by | Permalink | Comments (2) |

Support Open Culture

We’re hoping to rely on our loyal readers rather than erratic ads. To support Open Culture’s mission, please consider making a donation. We accept Paypal, Venmo, Patreon, even Crypto! To donate, click here. We thank you!






Comments (2)
You can skip to the end and leave a response. Pinging is currently not allowed.
  • Nikolai says:

    I am deciphering the Voynich manuscript and received a positive result.
    There is a key to cipher the Voynich manuscript.
    The key to the cipher manuscript placed in the manuscript. It is placed throughout the text. Part of the key hints is placed on the sheet 14. With her help was able to translate a few dozen words that are completely relevant to the theme sections.
    The Voynich manuscript is not written with letters. It is written in signs. Characters replace the letters of the alphabet one of the ancient language. Moreover, in the text there are 2 levels of encryption. I figured out the key by which the first section could read the following words: hemp, wearing hemp; food, food (sheet 20 at the numbering on the Internet); to clean (gut), knowledge, perhaps the desire, to drink, sweet beverage (nectar), maturation (maturity), to consider, to believe (sheet 107); to drink; six; flourishing; increasing; intense; peas; sweet drink, nectar, etc. Is just the short words, 2-3 sign. To translate words with more than 2-3 characters requires knowledge of this ancient language. The fact that some symbols represent two letters. In the end, the word consisting of three characters can fit up to six letters. Three letters are superfluous. In the end, you need six characters to define the semantic word of three letters. Of course, without knowledge of this language make it very difficult even with a We can say that the Voynich manuscript is an encyclopedia of knowledge that humanity needs today. I managed to partially solve the mystery of mount Kailas ( for example, its height is 6825 meters). The manuscript indicates the place where the Grail Is hidden, as well as the Font and Cradle of Jesus.
    For more information, see my article https://scieuro.com/wp-content/uploads/2020/04/february-2020.pdf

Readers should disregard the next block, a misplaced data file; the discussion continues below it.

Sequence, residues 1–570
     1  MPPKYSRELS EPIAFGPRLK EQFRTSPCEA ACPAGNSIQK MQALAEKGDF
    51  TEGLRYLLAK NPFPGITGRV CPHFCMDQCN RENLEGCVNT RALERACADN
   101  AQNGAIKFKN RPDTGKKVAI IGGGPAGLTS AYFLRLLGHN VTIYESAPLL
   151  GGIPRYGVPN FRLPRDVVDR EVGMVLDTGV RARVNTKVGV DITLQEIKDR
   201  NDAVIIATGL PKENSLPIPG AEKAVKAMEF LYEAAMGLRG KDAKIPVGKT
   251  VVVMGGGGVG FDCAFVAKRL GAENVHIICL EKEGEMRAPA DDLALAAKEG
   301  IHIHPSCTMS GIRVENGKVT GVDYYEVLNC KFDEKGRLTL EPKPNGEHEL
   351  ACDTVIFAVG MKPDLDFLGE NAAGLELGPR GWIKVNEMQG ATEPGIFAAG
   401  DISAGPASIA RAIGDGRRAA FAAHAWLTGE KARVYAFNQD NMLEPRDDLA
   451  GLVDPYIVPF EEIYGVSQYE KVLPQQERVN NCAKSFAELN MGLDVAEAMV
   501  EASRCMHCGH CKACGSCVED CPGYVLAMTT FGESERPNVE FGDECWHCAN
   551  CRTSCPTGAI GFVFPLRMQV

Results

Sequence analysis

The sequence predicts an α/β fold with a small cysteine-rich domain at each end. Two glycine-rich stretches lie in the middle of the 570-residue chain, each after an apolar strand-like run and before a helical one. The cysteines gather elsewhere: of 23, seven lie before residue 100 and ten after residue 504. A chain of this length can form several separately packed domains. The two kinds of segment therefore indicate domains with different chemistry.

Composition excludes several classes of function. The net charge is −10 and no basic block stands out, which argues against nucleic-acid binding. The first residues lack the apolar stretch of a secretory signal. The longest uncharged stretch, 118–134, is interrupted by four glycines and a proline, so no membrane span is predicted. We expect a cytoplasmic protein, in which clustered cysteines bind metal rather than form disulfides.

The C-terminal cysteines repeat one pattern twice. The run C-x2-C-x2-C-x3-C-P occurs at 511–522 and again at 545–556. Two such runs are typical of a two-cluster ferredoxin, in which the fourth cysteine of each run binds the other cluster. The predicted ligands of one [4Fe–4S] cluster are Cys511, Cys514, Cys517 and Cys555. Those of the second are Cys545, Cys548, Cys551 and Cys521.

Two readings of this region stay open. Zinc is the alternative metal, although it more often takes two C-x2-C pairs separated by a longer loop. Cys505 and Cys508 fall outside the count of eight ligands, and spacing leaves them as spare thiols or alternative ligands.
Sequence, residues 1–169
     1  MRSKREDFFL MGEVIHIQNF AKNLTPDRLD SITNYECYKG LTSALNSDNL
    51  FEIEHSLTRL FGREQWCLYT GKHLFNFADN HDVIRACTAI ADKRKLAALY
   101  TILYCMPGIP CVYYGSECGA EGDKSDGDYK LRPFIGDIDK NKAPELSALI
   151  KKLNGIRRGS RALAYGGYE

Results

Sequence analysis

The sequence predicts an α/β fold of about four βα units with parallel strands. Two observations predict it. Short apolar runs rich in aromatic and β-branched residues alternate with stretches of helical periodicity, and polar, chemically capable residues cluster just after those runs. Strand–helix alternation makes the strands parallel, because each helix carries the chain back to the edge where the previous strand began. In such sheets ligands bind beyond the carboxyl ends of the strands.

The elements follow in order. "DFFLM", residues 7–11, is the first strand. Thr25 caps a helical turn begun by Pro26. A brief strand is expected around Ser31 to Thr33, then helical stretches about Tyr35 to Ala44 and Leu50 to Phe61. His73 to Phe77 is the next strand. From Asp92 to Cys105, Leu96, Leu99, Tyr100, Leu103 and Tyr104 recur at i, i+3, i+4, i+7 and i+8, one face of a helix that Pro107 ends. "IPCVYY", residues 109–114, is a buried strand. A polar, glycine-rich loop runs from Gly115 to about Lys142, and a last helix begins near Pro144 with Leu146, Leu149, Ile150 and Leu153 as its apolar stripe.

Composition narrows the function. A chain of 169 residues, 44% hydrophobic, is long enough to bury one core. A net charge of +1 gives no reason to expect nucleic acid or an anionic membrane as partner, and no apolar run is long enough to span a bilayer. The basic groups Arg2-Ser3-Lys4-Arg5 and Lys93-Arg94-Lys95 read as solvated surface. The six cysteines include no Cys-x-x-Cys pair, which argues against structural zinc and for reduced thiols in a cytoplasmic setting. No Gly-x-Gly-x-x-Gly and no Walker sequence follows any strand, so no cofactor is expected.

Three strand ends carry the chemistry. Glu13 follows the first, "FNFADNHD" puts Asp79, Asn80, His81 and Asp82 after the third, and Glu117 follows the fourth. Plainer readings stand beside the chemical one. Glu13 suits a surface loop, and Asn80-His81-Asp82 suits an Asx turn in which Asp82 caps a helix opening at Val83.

I am ready to share information.
    With respect, Nikolai.
    I am looking for a person, or even an organization, who will decide to responsibly continue to decipher the Voynich manuscript.

  • Nikolai says:

    Good day!
    Your site has information about the Voynich manuscript.
    I am deciphering the Voynich manuscript and received a positive result.
    There is a key to cipher the Voynich manuscript.
    The key to the cipher manuscript placed in the manuscript. It is placed throughout the text. Part of the key hints is placed on the sheet 14. With her help was able to translate a few dozen words that are completely relevant to the theme sections.
    The Voynich manuscript is not written with letters. It is written in signs. Characters replace the letters of the alphabet one of the ancient language. Moreover, in the text there are 2 levels of encryption. I figured out the key by which the first section could read the following words: hemp, wearing hemp; food, food (sheet 20 at the numbering on the Internet); to clean (gut), knowledge, perhaps the desire, to drink, sweet beverage (nectar), maturation (maturity), to consider, to believe (sheet 107); to drink; six; flourishing; increasing; intense; peas; sweet drink, nectar, etc. Is just the short words, 2-3 sign. To translate words with more than 2-3 characters requires knowledge of this ancient language. The fact that some symbols represent two letters. In the end, the word consisting of three characters can fit up to six letters. Three letters are superfluous. In the end, you need six characters to define the semantic word of three letters. Of course, without knowledge of this language make it very difficult even with a We can say that the Voynich manuscript is an encyclopedia of knowledge that humanity needs today. I managed to partially solve the mystery of mount Kailas ( for example, its height is 6825 meters). The manuscript indicates the place where the Grail Is hidden, as well as the Font and Cradle of Jesus.
    For more information, see my article https://scieuro.com/wp-content/uploads/2020/04/february-2020.pdf
    I am ready to share information.
    With respect, Nikolai.
    I am looking for a person, or even an organization, who will decide to responsibly continue to decipher the Voynich manuscript. I would be grateful if you would let me know.

Leave a Reply

Quantcast
Open Culture was founded by Dan Colman.